Joseph Parker outpoints Razvan Cojanu to retain WBO world title
Joseph Parker signed off his New Zealand campaign in solid but unspectacular fashion on Saturday night and now brighter things beckon.
Parker out-pointed big Romanian Razvan Cojanu in south Auckland in a frustrating first defence of his WBO world heavyweight title.
The judges scored it 119-108, 117-110, 117-110 in a fight where Parker couldn't find the knockout blow he so desired and the negative Cojanu threw out more taunts than effective punches.
Crucially Parker held his discipline to retain his belt that will be the bargaining factor heading into a fascinating phase of the glamour division.
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* $50 PPV price to watch inferior Parker fight
* Parker fight goes live to crucial UK market
Now Parker will hope it's on to bigger and better things after the bulk of his 23 unbeaten fights have been in the comforts of home.
His faithful were at the 3000-seater Manukau Events Centre to see off the 25-year-old but it all seemed a world away from events at Wembley last weekend when 90,000 witnessed Anthony Joshua become king of the ring.
Parker's win keeps him on track for a crack at Joshua, who now owns the WBA, IBF and IBO belts, but this latest effort, broadcast live into the UK, will hardly have the big Brit quaking in his boots.
It will keep him a target in the eyes of rival fighters and promoters who will continue to see him as the vulnerable figure among the current champions.
Parker has options with America's WBC champion Deontay Wilder relentless in his pursuit of a unification fight with the Kiwi. But Parker's handlers see Britain as the more lucrative market and are keen on seeing their man fight Tony Bellew if they can work around the ever-present mandatory challenge of Hughie Fury.
Either fighter will be a good foot in the door and a significantly stronger challenge than Cojanu presented, stepping in to replace Fury who withdrew with a back injury a fortnight ago.
Parker was left in a no-win situation but tried to make the best of it. The unheralded Cojanu, ranked No 14 by the WBO but with a world rating of 78 better reflecting his talent, was scorned by international media in the leadup to the bout.
Parker was determined to make a statement with his own performance but didn't manage that as he battered away at the granite in front of him.
Giving away 13kg, Parker largely had the measure of his sparring partner and only really allowed Cojanu to express his own talent over the dying rounds.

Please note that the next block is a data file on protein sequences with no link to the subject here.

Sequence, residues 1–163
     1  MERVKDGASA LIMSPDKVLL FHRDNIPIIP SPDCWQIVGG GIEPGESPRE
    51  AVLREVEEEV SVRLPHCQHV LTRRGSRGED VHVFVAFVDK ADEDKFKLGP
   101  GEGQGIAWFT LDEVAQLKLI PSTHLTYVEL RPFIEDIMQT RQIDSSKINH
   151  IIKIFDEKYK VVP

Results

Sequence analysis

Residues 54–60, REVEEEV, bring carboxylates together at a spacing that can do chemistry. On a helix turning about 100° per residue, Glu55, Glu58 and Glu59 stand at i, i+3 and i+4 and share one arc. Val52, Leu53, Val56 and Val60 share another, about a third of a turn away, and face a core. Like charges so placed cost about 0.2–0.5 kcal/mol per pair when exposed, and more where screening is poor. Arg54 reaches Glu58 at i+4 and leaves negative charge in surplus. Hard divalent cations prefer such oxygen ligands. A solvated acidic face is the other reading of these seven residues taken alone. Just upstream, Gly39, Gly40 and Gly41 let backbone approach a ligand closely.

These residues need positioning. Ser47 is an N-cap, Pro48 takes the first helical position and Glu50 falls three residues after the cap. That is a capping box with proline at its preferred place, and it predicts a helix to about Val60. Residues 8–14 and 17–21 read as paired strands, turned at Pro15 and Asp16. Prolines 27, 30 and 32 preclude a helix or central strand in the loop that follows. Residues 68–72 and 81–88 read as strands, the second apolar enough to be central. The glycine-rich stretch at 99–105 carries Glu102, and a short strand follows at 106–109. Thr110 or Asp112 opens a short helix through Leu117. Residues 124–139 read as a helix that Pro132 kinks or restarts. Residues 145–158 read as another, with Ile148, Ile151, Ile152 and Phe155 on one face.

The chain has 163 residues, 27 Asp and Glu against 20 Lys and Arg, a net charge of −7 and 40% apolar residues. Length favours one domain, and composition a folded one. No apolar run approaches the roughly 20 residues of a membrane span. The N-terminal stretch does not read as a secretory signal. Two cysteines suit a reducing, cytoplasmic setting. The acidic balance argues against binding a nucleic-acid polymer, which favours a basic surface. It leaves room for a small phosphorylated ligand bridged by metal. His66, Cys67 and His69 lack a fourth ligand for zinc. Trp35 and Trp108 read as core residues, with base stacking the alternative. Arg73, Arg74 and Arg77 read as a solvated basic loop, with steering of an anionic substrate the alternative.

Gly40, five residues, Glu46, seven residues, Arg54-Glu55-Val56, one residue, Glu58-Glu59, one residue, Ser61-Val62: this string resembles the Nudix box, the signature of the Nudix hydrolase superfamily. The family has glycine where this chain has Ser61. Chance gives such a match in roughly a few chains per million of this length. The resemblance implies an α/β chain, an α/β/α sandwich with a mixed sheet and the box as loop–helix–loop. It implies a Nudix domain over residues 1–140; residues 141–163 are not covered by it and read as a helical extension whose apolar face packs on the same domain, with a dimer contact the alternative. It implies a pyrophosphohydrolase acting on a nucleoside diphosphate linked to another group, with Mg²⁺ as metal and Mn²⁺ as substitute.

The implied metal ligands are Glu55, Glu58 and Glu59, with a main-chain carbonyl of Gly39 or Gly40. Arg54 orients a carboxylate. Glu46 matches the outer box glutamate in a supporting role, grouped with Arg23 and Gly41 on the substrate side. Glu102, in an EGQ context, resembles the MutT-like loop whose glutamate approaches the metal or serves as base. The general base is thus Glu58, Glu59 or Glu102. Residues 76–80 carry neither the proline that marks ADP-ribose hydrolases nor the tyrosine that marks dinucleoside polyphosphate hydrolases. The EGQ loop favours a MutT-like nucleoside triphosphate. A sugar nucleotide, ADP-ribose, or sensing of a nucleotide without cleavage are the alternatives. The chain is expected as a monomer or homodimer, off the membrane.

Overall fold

American referee Mike Ortega deducted a point against Cojanu in the fourth round due to repeatedly pushing down the neck of Parker during the clinches
The Romanian's negative tactics took the gloss off the fight and the crowd grew restless.
All the while Parker kept chipping away and got so far ahead on points that he had to be cautious in the final rounds not to leave himself vulnerable.
He managed to do that, surviving a ragged flurry in the final round, to see off Cojanu and retain his belt - and that's the treasure to take away from this effort.
Parker's younger brother John kept his unbeaten record going on the undercard when he beat Christchurch's Ratu Dawai by unanimous points in their cruiserweight contest.
The big mover in the early fights though was Kevin Barry's impressive Russian light-heavyweight Umar Salamov.
Using a lightning jab backed up by a powerful right hand he demolished Croatian Emil Markic with a fourth round TKO to go to 19-0.
Salamov won the vacant WBO international and IBF East-West Europe belts but more importantly rammed home his standing to his new bosses at Duco who look likely to give him a role in the Manny Pacquiao versus Jeff Horne world title fight card in Brisbane in July.
The Australian grudge match saw their lightweight champion George Kambosos outpoint Qamil Balla over 10 enthralling rounds that brought the crowd to their feet at the end of an absorbing contest.
Jordan Tuigamala, son of All Blacks great Inga Tuigamala, finished off Nigel Elliott 51s into the third round of their catchweight (86kg) clash.
Tuigamala floored Elliott with a straight right in the first exchange of the fight and the bout didn't get any better for the Hamilton fighter who ended up sprawled halfway otuside the ring when caught flush by a vicious uppercut.
The pedigree theme to the undercard continued with 22-year-old Tim Tszyu, son of Australian double light-weltwerweight world champion Kostya Tszyu, demolishing Kiwi Ivana Siau.
Tszyu dominated from the outset, using his hand speed to constantly trouble the game Siau. His power and accuracy proved too much with Tszyu clubbing Siau to the canvas 2m 45s into the second round of their 71kg catchweight fight.